Last week during the ITB travel show in Berlin I was able to take part in a very important debate about the way in which countries and in particular Europe, may look to fund their tourism promotional activities.
Many would be aware that the USA has taken on the idea of using ESTA visa waiver fees to fund the Brand USA operation and it appears that the EU might have considered a similar concept.
Clearly there is some merit in the policy settings that have brought about the US model, but as the point was made at the ITB conference, governments should fund national tourism promotion from consolidated revenue – as Australia does both federally and at a state level – rather than charge the very tourist that has gone to the country in question and supported the country’s economy.
The suggestion of adding more taxes and charges to tourists across the globe is not one that is welcomed by the travel and tourism industry globally. Nor indeed by the travelling public as it simply makes what is already a costly exercise even more expensive and, one could argue, with little return on the investment for the tourist.
Further to this point, the UNWTO is on a mission to introduce the notion of the “Freedom of Travel”. In a nutshell they are arguing that the requirement of countries to impose visas for entry to a country should be reviewed and as much as possible removed to make travel easier, simpler and more cost effective.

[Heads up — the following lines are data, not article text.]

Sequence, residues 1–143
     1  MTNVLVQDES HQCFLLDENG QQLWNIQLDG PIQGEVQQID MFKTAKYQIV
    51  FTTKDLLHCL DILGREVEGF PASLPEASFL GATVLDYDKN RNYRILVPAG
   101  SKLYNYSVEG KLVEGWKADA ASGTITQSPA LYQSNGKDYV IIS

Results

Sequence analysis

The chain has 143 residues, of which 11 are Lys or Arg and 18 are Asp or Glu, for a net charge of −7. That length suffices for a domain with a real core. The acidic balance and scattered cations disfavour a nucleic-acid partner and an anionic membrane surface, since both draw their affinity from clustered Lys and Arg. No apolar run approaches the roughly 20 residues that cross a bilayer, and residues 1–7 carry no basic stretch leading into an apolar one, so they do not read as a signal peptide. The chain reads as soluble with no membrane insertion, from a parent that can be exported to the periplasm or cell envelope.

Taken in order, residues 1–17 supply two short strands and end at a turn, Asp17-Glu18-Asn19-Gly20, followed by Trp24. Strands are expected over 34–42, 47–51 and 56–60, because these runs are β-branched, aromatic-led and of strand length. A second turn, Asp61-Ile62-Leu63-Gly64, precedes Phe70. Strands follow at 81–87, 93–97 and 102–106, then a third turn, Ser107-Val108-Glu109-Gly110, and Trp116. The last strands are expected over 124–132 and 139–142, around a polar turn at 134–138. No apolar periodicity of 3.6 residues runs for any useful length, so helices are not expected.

As all Aussies know when you go to an EU member country in Europe, all you need is your passport, you don’t need to apply for a visa or do anything other than turn up. Oh, apart from filling in the green departure card in Australia which we continue to talk to the federal government about – bringing that green departure card into the 21st century either by way of an online process or other form of collecting the data that is deemed necessary.
This process falls further into the push by the UNWTO for the “Freedom of Travel”. I don’t think anyone has a problem with governments all around the world protecting their borders and implementing processes to do this, but the simple message at ITB this year was, make it simple and remove costs at every level.
A very interesting exchange as to how different countries are approaching these many vexed and complex issues. Time will tell, but I think the notion of the EU introducing a fee system like the USA is unlikely.